I arrived at Port Canaveral with my party of four prepared to board our Disney cruise.  Our party included my 4-month old infant son, and a young adult cousin who had recently graduated from college.  Neither the baby nor my cousin had passports.  And, due to circumstances beyond our control, it was not possible to obtain passports for either of them before the cruise.  But, I felt confident that we had everything we needed.  I had fully researched the requirements for a closed loop cruise.  And, I had gathered all of the requisite paperwork in an organized folder ready to present.

Unfortunately, I had been so focused on making sure I had all of the right paperwork gathered for those of us who did not have passports – that I forgot to actually retrieve the passports for folks who did.

Related Post: How To Conquer Family Cruises Without Passports

I quickly developed an intensely sick feeling in the pit of my stomach when the guys taking luggage reminded us to keep our passports with us. I suddenly realized that I didn’t even have mine at all. Both my passport and my oldest son’s passport were still tucked away at home. One thousand miles away. In a lock box to which I had the only keys. And, those keys were on my person.   (In my partial defense, we had recently moved which is why the passports were in an actual lockbox in the first place.)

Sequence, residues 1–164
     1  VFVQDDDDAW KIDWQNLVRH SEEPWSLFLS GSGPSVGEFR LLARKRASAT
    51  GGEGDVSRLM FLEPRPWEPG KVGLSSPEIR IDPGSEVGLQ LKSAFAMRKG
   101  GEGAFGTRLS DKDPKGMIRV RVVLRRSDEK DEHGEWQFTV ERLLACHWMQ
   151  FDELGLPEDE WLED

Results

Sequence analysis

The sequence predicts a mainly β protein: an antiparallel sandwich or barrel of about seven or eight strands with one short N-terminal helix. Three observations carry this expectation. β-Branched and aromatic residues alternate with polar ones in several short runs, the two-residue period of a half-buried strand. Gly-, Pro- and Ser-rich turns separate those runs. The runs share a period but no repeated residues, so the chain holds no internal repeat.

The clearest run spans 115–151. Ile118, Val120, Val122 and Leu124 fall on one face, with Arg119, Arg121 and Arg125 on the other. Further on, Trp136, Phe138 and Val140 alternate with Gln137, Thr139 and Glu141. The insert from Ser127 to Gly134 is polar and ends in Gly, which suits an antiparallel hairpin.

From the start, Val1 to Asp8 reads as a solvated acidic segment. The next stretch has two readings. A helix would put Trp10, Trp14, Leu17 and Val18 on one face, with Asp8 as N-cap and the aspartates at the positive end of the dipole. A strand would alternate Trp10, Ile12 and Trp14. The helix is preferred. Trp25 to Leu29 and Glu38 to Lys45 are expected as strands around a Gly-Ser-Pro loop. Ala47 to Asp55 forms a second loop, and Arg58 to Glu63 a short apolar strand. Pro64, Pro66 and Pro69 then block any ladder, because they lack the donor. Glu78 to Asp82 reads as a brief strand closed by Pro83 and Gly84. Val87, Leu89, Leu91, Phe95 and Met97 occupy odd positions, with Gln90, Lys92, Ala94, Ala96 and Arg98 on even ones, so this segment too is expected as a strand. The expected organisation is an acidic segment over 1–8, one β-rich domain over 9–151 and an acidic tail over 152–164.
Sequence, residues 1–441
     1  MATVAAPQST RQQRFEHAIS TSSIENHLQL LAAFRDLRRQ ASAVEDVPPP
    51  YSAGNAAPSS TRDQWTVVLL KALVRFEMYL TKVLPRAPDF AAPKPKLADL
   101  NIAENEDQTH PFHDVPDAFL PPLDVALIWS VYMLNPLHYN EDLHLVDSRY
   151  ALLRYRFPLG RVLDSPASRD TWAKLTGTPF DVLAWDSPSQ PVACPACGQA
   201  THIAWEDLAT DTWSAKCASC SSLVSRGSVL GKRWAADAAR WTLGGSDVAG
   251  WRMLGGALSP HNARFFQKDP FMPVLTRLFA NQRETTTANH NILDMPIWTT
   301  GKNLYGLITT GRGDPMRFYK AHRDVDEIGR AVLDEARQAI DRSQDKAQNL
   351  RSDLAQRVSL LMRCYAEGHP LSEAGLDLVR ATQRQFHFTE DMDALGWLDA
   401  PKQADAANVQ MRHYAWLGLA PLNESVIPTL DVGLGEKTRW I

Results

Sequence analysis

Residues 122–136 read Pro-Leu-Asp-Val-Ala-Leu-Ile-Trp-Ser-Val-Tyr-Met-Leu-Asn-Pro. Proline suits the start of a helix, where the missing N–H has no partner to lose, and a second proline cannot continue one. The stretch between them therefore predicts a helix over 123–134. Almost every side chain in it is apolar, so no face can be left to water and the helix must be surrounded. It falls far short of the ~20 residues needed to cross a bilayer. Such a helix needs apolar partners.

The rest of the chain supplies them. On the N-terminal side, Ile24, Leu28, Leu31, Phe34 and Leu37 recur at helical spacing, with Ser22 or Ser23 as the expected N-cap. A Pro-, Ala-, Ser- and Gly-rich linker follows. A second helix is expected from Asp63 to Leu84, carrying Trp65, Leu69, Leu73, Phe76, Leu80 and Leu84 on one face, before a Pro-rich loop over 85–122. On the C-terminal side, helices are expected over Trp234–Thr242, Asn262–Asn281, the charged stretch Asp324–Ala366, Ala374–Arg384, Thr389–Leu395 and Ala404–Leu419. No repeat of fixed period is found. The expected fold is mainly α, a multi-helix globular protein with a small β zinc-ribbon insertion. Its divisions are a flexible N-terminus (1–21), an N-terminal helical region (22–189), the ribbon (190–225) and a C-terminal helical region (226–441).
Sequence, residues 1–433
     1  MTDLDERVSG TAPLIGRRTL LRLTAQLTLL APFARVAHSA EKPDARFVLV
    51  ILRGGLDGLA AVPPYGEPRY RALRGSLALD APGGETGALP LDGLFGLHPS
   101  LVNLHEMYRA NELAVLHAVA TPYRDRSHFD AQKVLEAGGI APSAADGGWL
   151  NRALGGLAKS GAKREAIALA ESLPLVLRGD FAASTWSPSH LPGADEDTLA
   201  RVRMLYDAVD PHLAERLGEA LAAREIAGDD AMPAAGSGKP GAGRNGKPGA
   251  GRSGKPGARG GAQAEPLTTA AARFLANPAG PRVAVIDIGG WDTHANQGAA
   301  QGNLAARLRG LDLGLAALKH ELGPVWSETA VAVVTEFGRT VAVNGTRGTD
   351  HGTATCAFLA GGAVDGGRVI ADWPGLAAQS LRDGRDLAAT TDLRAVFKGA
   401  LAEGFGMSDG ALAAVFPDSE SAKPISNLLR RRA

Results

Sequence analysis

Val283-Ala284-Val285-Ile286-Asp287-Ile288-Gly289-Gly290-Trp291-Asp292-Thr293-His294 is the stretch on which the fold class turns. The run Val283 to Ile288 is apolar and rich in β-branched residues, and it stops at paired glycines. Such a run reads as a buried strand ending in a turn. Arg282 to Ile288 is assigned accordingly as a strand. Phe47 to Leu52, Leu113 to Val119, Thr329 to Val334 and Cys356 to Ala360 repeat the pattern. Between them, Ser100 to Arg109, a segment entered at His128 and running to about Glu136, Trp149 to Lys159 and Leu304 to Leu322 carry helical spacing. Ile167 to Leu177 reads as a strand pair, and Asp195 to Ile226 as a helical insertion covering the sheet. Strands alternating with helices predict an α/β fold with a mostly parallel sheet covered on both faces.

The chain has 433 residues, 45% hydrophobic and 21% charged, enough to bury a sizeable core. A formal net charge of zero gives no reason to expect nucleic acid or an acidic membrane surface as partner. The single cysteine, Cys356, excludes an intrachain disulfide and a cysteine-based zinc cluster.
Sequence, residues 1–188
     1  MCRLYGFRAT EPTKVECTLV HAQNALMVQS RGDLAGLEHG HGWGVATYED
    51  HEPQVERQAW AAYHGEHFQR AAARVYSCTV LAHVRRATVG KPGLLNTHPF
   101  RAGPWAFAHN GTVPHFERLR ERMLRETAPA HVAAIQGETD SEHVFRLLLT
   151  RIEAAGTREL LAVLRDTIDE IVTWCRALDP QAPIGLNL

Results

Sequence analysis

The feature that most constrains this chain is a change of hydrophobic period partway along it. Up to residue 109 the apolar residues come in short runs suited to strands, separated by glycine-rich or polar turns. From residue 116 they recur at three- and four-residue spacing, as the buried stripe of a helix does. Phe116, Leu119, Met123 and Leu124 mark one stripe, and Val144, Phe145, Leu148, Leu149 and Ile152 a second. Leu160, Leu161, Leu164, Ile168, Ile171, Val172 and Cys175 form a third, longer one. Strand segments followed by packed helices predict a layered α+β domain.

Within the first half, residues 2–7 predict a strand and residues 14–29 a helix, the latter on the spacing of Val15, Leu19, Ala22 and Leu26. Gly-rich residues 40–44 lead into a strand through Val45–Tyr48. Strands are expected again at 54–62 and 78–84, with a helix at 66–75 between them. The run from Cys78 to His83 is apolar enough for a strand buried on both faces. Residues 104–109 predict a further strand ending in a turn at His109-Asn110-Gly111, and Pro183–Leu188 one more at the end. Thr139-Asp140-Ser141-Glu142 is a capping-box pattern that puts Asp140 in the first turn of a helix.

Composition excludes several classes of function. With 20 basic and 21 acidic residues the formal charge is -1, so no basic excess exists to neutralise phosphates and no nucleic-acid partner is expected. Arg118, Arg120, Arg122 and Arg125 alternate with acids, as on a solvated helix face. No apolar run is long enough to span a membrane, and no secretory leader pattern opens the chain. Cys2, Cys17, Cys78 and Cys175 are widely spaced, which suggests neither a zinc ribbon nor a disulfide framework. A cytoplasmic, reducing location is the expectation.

I proceeded to the cruise check-in desk to see what could be done.  It was a Saturday.  All government offices were closed. The prospects seemed bleak to me.  But, the cruise personnel did not seem particularly surprised or concerned about my predicament.  They conferred with a supervisor.  According to the supervisor,  I should find a copy of the missing family passports or of our birth certificates and have them faxed or emailed to me.  The desk agents could print them out there. And, I would be allowed to board.  

After a couple of hours of frantic emails and phone calls, I managed to get someone who was able to go to my house, retrieve the relevant birth certificates (which were not in a lock box) and scan and email them to me.  The cruise personnel deemed our documents adequate, and allowed us to board.  We were some of the very last guests to board, but at least we made it.

When it came time to reenter the U.S., I explained what happened to the customs agent and presented the “copy” of my certified birth certificates.  He shook his head and waved us through with a relatively mild “tut, tut, tut”.  Under the circumstances, I was happy to make that particular walk of shame.

Lessons learned from this particular mis-adventure:
  • Gatekeepers (whether cruise line supervisors or customs agents) have some discretion to help you work out problems – so stay optimistic.
  • If you have made a packing list or trip checklist, actually take a final look at it before walking out the door.
  • Keep digital copies of important documents readily available (e.g., Evernote, Google Docs, etc.).

Have you shown up at the pier missing family passports or something else important?  Share your experience in the comments.